Editor’s Note:

The purpose of this series is to help Christians think through the doctrine of Scripture and provide practical guidance on not only how to read the Bible but to deal with objections and attacks on the Bible.

  • C. Walter shared practical tips for why Christians should read their Bible’s daily.
  • J.C. Ryle answered the question, “Is the Bible the Word of God?”
  • Mike Leake challenges us to use search engines for fact checking instead of fact giving when studying the Bible.
  • Jeff Medders helped us learn to grow in love for the Bible.
  • Dave started a five part series on how to hear, read and study God’s Word. Here’s part one.
  • Dave continues a five part series on how to hear, read and study God’s Word with part two.
  • Dave continues his series on how to hear, read and study God’s Word with part three.
  • Jeff Medders wrote on ways to begin wielding the Word of God.
  • Dave continues his series on how to hear, read and study God’s Word with part four.
  • Jeff wrote on the smell of Bible breath.
  • Dave concludes his series on how to hear, read and study God’s Word with part five.


Last Monday I started a five part series on how to hear, read and study the Bible. In the first post I looked at the importance of hearing and studying the Bible for our spiritual growth. Last Tuesday I gave you a few practical tips on how to study God’s Word. Last Wed, I looked at the importance of memorizing and meditating on God’s Word. Last Friday we learned how to mediate on the Word of God and the person and work of Jesus Christ. Today we’ll wrap up this brief series by looking at applying God’s Word– Benefits and Methods.

Applying God’s Word- Benefits and Methods

The Bible promises the blessing of God on those who apply the Word of God to one’s daily life. The classic New Covenant statement on the value of integrating the spiritual with the concrete is James 1:22-25: “But be doers of the word, and not hearers only, deceiving yourselves. For if anyone is a hearer of the word and not a doer, he is like a man who looks intently at his natural face in a mirror. For he looks at himself and goes away and at once forgets what he was like. But the one who looks into the perfect law, the law of liberty, and perseveres, being no hearer who forgets but a doer who acts, he will be blessed in his doing.” Pithy and powerful is Jesus’ similar statement in John 13:17, “If you know these things, blessed are you if you do them.”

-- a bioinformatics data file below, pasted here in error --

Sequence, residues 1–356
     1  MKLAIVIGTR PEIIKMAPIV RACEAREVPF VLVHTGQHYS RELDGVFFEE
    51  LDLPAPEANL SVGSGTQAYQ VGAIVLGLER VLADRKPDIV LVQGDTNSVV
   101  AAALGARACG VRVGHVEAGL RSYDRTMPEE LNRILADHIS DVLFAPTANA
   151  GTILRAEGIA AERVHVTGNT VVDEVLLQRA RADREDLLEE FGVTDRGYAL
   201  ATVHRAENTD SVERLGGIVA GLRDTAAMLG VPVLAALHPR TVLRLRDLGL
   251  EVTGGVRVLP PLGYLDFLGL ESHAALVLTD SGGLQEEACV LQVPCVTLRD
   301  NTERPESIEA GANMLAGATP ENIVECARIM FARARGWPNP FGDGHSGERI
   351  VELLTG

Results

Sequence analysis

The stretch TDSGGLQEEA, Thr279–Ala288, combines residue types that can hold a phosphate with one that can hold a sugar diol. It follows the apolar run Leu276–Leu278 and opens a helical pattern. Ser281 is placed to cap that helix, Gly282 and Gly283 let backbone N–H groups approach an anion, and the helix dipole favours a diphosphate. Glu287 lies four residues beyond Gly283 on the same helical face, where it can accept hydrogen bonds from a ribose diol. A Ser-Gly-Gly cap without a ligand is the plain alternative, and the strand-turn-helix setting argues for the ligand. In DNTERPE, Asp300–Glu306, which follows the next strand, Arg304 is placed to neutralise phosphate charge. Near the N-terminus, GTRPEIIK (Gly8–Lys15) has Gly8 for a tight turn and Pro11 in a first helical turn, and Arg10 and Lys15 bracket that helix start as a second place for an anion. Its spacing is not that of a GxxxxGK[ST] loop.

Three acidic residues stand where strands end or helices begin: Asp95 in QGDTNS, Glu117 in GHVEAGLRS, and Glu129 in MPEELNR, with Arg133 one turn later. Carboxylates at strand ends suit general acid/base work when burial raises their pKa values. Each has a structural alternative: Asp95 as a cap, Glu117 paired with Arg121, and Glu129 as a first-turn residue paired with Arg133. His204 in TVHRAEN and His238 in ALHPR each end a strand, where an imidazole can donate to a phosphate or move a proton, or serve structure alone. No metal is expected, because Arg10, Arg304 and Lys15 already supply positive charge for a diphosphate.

These verses teach that there can be a delusion in hearing God’s Word. Without minimizing the sufficiency of Scripture nor the power of the Holy Spirit to work through even the most casual brush with the Bible, we can frequently be deluded about Scripture’s impact on our lives. According to James, we can experience God’s truth so powerfully that what the Lord wants us to do becomes as plain as our face in the morning mirror. If we do not apply the truth as we meet it, we delude ourselves by thinking we have gained practical value, regardless of how wonderful the experience of discovering the truth has been. The one who will be blessed in what he does is the one who does what Scripture says.

For someone to be blessed in what he does is the equivalent of the promises of blessing, success and prosperity given in Joshua 1:8 and Psalm 1:1-3 to those who meditate on God’s Word. That’s because meditation should ultimately lead to application. When God instructed Joshua to meditate on His word day and night, He told him the purpose for meditating was “so that you may be careful to do everything written in it.” The promise “then you will be prosperous and successful” would be fulfilled, not as the result of meditation only, but as God’s blessing upon meditation-forged application.

The Lord wants you to be a doer of the Word. One should open the Bible with expectancy and anticipate the discovery of a practical response to the truth of God. It makes a big difference to come to the Bible with the faith that you will find an application for it as opposed to believing you won’t. Thomas Watson was called the nursing mother of the gigantic evangelical divines, and encouraged anticipation about application when he said, “Take every word as spoken to yourselves. When the word thunders against sin, think thus: “God means my sins” when it presents any duty, “God intends me in this.” Many put off Scripture from themselves, as if it only concerned those who lived in the time when it was written but if you intend to profit by the Word bring it home to yourselves, since medicine will do no good, unless it be applied.

Because of God’s inspiration of Scripture, believe that what you are reading was meant for you as well as for the first recipient of the message. Without that attitude you’ll rarely perceive the application of the passage of Scripture to your personal situation. Meditation is not an end in itself. Deep thinking on the truths and spiritual realities of Scripture is the key to putting them into practice. It is by means of meditating on the Bible that facts are fleshed out into practical application.